Bio-Mimetics of Disaster Anticipation-Learning Experience and Key-Challenges.

Tributsch H - Animals (Basel) (2013)

Infrared anomaly seen from a satellite (infrared anomaly distribution adapted from [48]) over central Italy before the Abruzzo earthquake. The left image was taken on 30 March, the right one on 31 March (the quake happened on 6 April, 3.32 A.M.). The arrows in the figures indicate the site of animal (toad) observation and the epicentre respectively (the infrared absorbing clouds are also indicated).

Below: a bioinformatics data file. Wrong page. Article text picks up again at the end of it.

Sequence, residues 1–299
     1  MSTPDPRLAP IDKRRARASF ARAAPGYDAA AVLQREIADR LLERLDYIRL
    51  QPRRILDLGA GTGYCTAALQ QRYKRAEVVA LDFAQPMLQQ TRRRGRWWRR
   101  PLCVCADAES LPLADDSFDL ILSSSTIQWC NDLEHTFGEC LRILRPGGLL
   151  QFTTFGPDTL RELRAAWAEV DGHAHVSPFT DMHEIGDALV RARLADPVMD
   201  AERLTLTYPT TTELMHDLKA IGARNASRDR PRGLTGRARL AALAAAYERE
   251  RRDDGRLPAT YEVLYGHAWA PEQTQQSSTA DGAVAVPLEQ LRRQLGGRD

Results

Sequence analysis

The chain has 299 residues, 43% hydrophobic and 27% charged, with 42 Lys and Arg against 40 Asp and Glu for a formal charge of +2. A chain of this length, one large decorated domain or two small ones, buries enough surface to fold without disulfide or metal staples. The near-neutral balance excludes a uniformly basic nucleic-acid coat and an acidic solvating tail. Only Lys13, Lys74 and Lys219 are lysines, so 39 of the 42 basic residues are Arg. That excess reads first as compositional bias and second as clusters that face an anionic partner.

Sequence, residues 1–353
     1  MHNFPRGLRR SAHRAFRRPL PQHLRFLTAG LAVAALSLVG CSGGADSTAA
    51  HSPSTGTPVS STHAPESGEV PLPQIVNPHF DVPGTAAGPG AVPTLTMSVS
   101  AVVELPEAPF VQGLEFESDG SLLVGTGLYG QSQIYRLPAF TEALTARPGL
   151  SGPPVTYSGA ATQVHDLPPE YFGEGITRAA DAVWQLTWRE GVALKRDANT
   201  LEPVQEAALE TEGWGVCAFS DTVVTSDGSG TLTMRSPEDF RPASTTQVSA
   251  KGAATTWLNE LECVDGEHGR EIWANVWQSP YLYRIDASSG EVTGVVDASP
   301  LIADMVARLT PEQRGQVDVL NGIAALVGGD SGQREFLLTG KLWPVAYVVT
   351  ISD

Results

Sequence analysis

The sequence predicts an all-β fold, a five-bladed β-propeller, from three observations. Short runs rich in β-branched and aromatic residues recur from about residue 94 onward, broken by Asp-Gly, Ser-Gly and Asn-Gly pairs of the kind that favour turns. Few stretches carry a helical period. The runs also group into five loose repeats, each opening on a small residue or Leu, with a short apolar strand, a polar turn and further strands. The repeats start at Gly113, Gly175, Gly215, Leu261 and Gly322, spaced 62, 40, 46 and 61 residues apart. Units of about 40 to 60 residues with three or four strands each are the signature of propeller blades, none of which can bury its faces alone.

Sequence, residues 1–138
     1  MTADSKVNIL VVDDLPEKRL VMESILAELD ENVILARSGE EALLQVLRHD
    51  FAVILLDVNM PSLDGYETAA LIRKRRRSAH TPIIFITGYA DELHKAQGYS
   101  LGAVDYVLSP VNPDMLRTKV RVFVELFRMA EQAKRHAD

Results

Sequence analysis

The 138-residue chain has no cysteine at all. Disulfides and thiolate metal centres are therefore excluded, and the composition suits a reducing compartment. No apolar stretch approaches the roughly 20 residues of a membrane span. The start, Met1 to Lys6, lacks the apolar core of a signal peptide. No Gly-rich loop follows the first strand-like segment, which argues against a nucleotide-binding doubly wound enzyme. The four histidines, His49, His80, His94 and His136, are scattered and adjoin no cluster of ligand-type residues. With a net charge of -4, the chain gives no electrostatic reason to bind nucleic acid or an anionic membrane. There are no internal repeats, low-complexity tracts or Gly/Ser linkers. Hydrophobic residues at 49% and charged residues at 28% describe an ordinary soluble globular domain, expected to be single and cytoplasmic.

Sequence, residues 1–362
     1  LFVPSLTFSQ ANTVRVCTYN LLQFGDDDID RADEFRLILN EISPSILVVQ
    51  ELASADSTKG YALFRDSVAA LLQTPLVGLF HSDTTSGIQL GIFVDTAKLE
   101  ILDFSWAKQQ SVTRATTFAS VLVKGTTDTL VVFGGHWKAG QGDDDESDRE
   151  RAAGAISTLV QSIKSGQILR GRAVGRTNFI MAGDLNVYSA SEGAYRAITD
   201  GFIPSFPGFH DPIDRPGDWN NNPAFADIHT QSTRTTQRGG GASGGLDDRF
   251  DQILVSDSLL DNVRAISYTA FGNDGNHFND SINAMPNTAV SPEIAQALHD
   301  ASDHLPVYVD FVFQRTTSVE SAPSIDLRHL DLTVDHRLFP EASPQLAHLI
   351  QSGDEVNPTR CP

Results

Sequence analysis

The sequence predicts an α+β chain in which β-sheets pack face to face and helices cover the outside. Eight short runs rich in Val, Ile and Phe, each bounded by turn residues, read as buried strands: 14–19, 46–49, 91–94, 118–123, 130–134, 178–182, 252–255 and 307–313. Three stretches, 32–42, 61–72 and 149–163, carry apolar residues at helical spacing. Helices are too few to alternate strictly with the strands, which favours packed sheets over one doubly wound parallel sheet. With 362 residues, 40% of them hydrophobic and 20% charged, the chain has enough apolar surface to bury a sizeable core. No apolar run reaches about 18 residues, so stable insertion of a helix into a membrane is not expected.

© Copyright Policy
Related In: Results  -  Collection

License
Show All Figures
getmorefigures.php?uid=PMC4495514&req=5

animals-03-00274-f006: Infrared anomaly seen from a satellite (infrared anomaly distribution adapted from [48]) over central Italy before the Abruzzo earthquake. The left image was taken on 30 March, the right one on 31 March (the quake happened on 6 April, 3.32 A.M.). The arrows in the figures indicate the site of animal (toad) observation and the epicentre respectively (the infrared absorbing clouds are also indicated).